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The Baseband Playground
The Baseband Playground
The Baseband Playground
The Baseband Playground
The Baseband Playground
The Baseband Playground
The Baseband Playground
The Baseband Playground
The Baseband Playground
The Baseband Playground
The Baseband Playground
The Baseband Playground
The Baseband Playground
The Baseband Playground
The Baseband Playground
The Baseband Playground
The Baseband Playground
The Baseband Playground
The Baseband Playground
The Baseband Playground
The Baseband Playground
The Baseband Playground
The Baseband Playground
The Baseband Playground
The Baseband Playground
The Baseband Playground
The Baseband Playground
The Baseband Playground
The Baseband Playground
The Baseband Playground
The Baseband Playground
The Baseband Playground
The Baseband Playground
The Baseband Playground
The Baseband Playground
The Baseband Playground
The Baseband Playground
The Baseband Playground
The Baseband Playground
The Baseband Playground
The Baseband Playground
The Baseband Playground
The Baseband Playground
The Baseband Playground
The Baseband Playground
The Baseband Playground
The Baseband Playground
The Baseband Playground
The Baseband Playground
The Baseband Playground
The Baseband Playground
The Baseband Playground
The Baseband Playground
The Baseband Playground
The Baseband Playground
The Baseband Playground
The Baseband Playground
The Baseband Playground
The Baseband Playground
The Baseband Playground
The Baseband Playground
The Baseband Playground
The Baseband Playground
The Baseband Playground
The Baseband Playground
The Baseband Playground
The Baseband Playground
The Baseband Playground
The Baseband Playground
The Baseband Playground
The Baseband Playground
The Baseband Playground
The Baseband Playground
The Baseband Playground
The Baseband Playground
The Baseband Playground
The Baseband Playground
The Baseband Playground
The Baseband Playground
The Baseband Playground
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The Baseband Playground

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Originally presented at ekoparty 2011. …

Originally presented at ekoparty 2011.

The Baseband Playground

Baseband processors control access to the radio hardware on cell phones. There has been published security research and presentations on remotely attacking baseband processors. This talk will take a different approach and focus on code injection into the baseband from the application processor. This is the same method that many unlocks (ultrasn0w) use to bypass carrier restrictions. Interestingly, these unlocks (exploits) can also be used to load your own code onto the baseband. This enables the patching of existing GSM code and other phone functionality :)

This talk will cover baseband architecture, setting up a development environment, injecting custom code into the baseband using a variety of exploits, and interesting areas for modification. The case study for the talk will be an iPhone baseband running the Nucleus RTOS, but the concepts will be applicable to other basebands and OS.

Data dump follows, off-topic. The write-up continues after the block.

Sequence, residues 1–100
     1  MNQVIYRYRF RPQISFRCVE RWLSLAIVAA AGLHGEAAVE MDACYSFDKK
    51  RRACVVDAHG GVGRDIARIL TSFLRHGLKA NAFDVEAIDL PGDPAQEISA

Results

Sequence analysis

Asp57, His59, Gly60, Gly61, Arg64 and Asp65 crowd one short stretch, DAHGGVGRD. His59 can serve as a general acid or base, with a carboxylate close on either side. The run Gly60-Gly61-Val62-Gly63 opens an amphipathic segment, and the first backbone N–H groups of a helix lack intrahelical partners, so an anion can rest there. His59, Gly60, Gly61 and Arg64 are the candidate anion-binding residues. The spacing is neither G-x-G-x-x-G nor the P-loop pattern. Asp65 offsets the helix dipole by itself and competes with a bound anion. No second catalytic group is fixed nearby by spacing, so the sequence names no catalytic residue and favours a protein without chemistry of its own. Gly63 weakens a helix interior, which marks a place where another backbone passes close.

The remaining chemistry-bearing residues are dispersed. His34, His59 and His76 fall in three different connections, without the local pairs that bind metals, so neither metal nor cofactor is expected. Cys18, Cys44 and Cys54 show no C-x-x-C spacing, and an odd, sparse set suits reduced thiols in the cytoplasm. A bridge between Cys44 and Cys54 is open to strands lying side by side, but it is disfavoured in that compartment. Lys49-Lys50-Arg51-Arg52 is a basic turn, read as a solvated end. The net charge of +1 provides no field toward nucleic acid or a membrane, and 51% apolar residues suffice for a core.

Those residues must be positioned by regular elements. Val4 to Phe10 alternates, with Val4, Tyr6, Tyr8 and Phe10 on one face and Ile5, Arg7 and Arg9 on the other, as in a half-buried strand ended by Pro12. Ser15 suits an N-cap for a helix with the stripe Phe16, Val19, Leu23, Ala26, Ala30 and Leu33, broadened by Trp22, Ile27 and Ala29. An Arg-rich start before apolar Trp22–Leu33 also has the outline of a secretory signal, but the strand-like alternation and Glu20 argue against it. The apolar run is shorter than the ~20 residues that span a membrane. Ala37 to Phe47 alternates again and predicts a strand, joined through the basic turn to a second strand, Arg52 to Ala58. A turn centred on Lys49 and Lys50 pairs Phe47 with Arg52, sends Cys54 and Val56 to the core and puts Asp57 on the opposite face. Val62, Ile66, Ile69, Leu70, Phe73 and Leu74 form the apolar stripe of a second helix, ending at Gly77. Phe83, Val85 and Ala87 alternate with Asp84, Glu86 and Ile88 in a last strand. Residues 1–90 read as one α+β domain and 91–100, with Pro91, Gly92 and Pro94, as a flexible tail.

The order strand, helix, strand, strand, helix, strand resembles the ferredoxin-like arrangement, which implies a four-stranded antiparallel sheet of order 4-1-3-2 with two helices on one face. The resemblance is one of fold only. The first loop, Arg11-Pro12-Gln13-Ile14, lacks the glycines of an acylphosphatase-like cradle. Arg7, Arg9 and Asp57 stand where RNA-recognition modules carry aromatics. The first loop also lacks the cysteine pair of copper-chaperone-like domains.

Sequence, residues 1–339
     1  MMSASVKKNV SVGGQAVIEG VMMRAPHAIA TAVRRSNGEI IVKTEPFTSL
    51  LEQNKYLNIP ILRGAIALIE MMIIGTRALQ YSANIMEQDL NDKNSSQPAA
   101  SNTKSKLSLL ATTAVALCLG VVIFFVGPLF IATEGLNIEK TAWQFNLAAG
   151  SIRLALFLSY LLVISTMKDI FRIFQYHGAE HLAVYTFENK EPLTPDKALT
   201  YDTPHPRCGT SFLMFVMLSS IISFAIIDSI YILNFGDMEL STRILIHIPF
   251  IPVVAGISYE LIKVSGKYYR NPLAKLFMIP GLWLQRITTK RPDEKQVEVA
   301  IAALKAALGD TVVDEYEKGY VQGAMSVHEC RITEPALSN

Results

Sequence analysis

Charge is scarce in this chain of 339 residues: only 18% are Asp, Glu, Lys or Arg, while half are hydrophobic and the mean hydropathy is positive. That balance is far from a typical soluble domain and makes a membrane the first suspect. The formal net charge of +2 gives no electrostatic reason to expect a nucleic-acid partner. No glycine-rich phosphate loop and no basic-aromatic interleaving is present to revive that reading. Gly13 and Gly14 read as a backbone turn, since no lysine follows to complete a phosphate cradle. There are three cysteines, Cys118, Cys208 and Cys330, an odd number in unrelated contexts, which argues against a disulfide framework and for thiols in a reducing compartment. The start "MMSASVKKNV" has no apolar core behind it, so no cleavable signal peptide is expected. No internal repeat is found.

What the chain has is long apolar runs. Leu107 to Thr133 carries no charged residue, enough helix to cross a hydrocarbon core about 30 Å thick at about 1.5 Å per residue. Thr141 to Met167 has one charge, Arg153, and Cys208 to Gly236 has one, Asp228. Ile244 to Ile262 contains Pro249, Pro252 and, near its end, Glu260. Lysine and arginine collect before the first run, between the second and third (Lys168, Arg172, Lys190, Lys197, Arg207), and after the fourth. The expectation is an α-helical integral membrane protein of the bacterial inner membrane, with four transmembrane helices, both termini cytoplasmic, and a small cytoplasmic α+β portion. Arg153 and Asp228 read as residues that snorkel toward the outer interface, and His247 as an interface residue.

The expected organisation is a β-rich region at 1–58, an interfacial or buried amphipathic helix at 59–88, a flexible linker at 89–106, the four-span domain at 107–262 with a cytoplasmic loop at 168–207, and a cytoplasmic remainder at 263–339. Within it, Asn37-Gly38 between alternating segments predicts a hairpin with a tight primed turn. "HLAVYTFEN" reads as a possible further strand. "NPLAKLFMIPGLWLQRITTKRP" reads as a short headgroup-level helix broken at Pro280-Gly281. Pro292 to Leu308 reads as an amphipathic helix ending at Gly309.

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  • 1. BASEBAND PLAYGROUNDekoparty Security Conference7° ediciónLuis Mirasluis@ringzero.net@_luism
  • 2. Thanks  This  talk  is  based  on  unlocks  and  informa4on  provided  by  the  following  •  Musclenerd                                                      @MuscleNerd  •  iPhone  Dev  Team                                  @iphone_dev  •  Geohot                                                      hAp://geohot.com  •  iPhone  Wiki              hAp://theiphonewiki.com  
  • 3. What  is  talk  about  •  Exploring  basebands  via  code  injec4on  •  Crea4ng  a  development  environment  •  Reverse  Engineering,  sta4c  and  dynamic  •  Code  patching  techniques  
  • 4. What  is  not  covered  •  Remote  exploita4on.  See:   –   Ralf-­‐Philipp  Weinmann  “The  Baseband   Apocalypse”   •  hAp://www.youtube.com/watch?v=CPPQ8vA6cRc   –  Grugq  “Base  Jumping”   •  hAps://media.blackhat.com/bh-­‐ad-­‐10/Grugq/BlackHat-­‐ AD-­‐2010-­‐Gurgq-­‐Base-­‐Jumping-­‐slides.pdf  •  Non  public  unlocks  
  • 5. Contents  •  Baseband  Background  •  Sta4c  Reverse  Engineering  •  Development  Environment  •  Dynamic  Reverse  Engineering  •  Patching  Code  •  Conclusion  
  • 6. BASEBAND BACKGROUND
  • 7. What  is  a  baseband?  •  Baseband  is  short  for  baseband  processor.  •  For  this  talk  only  talking  about  smartphones  •  Can  be  a  separate  chip  or  a  separate  core  
  • 8. What  is  a  baseband?  •  Controls/Interfaces  with  hardware   –  Audio,  voice  and  mp3  codecs   –  Video  display   –  Camera   –  USB   –  GPS   –  WiFi   –  Bluetooth,  etc  
  • 9. What  is  a  baseband?  •  Provides  communica4on  protocols   –  GSM   –  GPRS   –  Edge   –  UMTS  
  • 10. What  is  a  baseband?  •  Generally  ARM  core  •  Basebands  run  small  RTOS   –  iPhone,  iPhone  3G,  iPhone  3GS  uses  Nucleus   –  iPhone  4  uses  ThreadX   –  Qualcomm  chips  use  OKL4  •  OsmocoBB   –  Open  Source  GSM  implementa4on   –  Motorola  C123  and  friends  (feature  phone)   –  hAp://bb.osmocom.org  
  • 11. What  is  a  baseband?  •  Applica4on/Baseband  communica4on   –  Shared  memory   –  AT  commands  over  high  speed  serial  lines